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Experimental Study on Low Temperature Combustion Dual Fuel Biodiesel/Natural Gas Engine

[+] Author Affiliations
A. Gharehghani, M. Mirsalim, R. Hosseini

Amirkabir University of Technology, Tehran, Iran

A. Jazayeri

K.N. Toosi University of Technology, Tehran, Iran

Paper No. ICEF2015-1006, pp. V001T03A001; 11 pages
doi:10.1115/ICEF2015-1006
From:
  • ASME 2015 Internal Combustion Engine Division Fall Technical Conference
  • Volume 1: Large Bore Engines; Fuels; Advanced Combustion
  • Houston, Texas, USA, November 8–11, 2015
  • Conference Sponsors: Internal Combustion Engine Division
  • ISBN: 978-0-7918-5727-4
  • Copyright © 2015 by ASME

abstract

Low Temperature combustion (LTC) strategies are capable of simultaneous reduction in NOx and particulate matter (PM) emissions. However, this combustion process generally leads to higher HC and CO emissions together with more cyclic variation (unstable combustion) especially at light engine loads. These emissions could drastically be reduced using certain alternative fuels like natural gas and biodiesel in LTC or PCI combustion engines. In the present research, a single cylinder compression ignition engine has been modified to operate in dual fuel mode with natural gas injection into the intake manifold as the main fuel and biodiesel as the pilot fuel to ignite the gas/air mixture. The combustion characteristics, engine performance and exhaust emissions of the reactivity controlled compression ignition (RCCI) dual fueled CNG/biodiesel engine are investigated and compared with the conventional diesel engine mode at various load conditions. The analysis of the results revealed that biodiesel as the high reactivity fuel in RCCI mode leads to higher in-cylinder pressure together with shorter heat release rate duration, compared to the common diesel engine. Experimental results indicated that combining the low temperature combustion concept and alternative fuels (e.g. biodiesel and naturals gas) causes lower levels of unburned hydrocarbon (UHC) and carbon monoxide (CO) as well as nitrogen oxide (NOx) emissions.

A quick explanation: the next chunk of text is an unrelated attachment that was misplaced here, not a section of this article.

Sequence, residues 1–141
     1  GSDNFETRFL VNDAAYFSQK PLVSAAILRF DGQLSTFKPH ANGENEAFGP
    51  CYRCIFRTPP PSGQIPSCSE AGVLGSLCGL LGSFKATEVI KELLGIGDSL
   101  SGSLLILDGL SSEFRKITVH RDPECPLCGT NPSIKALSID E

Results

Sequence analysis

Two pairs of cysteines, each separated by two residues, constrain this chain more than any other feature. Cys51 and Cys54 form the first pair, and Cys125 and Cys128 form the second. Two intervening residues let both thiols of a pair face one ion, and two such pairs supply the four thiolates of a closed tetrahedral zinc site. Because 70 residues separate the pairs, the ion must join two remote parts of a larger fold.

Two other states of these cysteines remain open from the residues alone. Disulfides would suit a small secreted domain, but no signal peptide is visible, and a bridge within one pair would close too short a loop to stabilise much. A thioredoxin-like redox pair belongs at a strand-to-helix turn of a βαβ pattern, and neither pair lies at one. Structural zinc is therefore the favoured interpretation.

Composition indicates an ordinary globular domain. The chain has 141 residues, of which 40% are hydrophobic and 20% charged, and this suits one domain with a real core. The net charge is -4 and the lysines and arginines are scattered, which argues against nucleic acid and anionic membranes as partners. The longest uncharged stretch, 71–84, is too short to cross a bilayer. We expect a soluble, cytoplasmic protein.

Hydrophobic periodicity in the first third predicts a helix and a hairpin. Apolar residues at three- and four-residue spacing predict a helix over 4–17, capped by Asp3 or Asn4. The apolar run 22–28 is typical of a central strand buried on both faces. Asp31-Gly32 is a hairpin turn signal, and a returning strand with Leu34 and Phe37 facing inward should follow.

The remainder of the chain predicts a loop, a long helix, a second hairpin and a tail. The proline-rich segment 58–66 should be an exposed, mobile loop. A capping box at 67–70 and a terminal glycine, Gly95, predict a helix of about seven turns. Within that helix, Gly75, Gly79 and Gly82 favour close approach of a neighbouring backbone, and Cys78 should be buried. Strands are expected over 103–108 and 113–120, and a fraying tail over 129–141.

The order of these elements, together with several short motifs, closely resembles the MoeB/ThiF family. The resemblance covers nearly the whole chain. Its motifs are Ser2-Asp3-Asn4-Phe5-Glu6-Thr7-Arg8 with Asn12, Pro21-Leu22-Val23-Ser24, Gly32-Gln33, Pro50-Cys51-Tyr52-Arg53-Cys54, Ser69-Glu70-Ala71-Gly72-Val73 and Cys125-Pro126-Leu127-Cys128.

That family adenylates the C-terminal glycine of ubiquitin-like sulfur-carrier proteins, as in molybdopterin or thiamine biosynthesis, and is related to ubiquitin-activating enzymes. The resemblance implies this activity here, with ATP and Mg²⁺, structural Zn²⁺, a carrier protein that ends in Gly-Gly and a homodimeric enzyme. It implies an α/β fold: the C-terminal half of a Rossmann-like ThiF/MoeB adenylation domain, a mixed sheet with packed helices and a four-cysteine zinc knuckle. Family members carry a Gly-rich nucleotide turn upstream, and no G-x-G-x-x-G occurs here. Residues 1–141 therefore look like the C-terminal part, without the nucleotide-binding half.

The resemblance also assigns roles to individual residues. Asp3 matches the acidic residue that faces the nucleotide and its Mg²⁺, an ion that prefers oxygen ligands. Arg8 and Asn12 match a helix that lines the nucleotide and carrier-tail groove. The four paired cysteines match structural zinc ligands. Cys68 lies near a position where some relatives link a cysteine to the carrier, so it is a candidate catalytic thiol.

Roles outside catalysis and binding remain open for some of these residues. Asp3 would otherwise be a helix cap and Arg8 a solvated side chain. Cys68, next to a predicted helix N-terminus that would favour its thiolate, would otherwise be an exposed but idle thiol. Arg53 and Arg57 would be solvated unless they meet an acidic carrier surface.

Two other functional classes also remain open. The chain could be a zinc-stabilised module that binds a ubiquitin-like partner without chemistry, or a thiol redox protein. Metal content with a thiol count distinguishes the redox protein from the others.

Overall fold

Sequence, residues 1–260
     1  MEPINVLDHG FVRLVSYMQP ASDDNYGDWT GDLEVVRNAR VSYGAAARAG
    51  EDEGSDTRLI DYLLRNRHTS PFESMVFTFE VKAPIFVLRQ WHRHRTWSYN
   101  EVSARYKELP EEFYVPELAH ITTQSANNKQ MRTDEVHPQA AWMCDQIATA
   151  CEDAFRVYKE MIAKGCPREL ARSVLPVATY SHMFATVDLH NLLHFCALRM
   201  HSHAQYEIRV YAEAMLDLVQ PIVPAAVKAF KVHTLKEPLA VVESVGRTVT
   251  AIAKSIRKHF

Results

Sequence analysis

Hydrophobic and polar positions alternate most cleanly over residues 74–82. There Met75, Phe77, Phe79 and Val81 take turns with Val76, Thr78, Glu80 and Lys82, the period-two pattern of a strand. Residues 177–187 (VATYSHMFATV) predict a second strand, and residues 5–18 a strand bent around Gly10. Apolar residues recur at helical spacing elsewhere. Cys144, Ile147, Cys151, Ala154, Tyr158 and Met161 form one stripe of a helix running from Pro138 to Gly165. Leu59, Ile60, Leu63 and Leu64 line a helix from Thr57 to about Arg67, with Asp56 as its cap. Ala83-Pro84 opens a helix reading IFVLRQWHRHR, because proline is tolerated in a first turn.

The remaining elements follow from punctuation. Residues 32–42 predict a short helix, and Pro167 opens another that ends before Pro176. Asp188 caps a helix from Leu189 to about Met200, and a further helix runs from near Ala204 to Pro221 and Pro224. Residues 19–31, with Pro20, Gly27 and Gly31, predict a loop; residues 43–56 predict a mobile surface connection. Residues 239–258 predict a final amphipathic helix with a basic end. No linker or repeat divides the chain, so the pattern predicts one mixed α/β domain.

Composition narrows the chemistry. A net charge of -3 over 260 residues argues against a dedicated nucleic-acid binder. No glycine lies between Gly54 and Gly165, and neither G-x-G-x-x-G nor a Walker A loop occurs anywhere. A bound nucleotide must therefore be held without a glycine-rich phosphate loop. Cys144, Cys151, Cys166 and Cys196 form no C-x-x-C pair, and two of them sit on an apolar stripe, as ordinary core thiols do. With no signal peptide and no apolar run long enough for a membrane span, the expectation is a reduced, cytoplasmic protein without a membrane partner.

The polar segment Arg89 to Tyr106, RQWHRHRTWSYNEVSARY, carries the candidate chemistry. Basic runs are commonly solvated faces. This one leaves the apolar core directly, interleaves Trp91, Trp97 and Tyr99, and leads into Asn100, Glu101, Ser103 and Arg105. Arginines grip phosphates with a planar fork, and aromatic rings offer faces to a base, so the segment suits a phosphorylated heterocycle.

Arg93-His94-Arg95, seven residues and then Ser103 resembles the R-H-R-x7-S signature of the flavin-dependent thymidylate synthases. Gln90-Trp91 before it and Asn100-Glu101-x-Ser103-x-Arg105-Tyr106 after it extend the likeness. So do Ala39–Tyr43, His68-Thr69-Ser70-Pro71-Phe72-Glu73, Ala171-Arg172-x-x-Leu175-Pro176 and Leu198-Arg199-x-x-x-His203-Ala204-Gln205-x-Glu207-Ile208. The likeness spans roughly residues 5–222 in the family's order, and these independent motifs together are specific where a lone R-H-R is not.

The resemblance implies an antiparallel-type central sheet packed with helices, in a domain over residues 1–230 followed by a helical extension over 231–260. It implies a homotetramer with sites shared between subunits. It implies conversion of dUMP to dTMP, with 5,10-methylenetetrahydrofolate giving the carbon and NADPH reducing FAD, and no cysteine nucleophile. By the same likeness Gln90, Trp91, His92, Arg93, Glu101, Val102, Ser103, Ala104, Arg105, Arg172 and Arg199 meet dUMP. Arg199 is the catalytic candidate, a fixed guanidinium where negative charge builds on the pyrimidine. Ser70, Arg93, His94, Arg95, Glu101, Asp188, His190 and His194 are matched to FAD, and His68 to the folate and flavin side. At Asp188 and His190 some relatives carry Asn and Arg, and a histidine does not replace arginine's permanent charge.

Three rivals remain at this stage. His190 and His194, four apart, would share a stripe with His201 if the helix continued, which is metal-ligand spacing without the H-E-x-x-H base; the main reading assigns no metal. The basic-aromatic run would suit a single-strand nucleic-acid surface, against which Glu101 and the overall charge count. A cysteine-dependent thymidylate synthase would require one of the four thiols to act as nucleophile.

Copyright © 2015 by ASME

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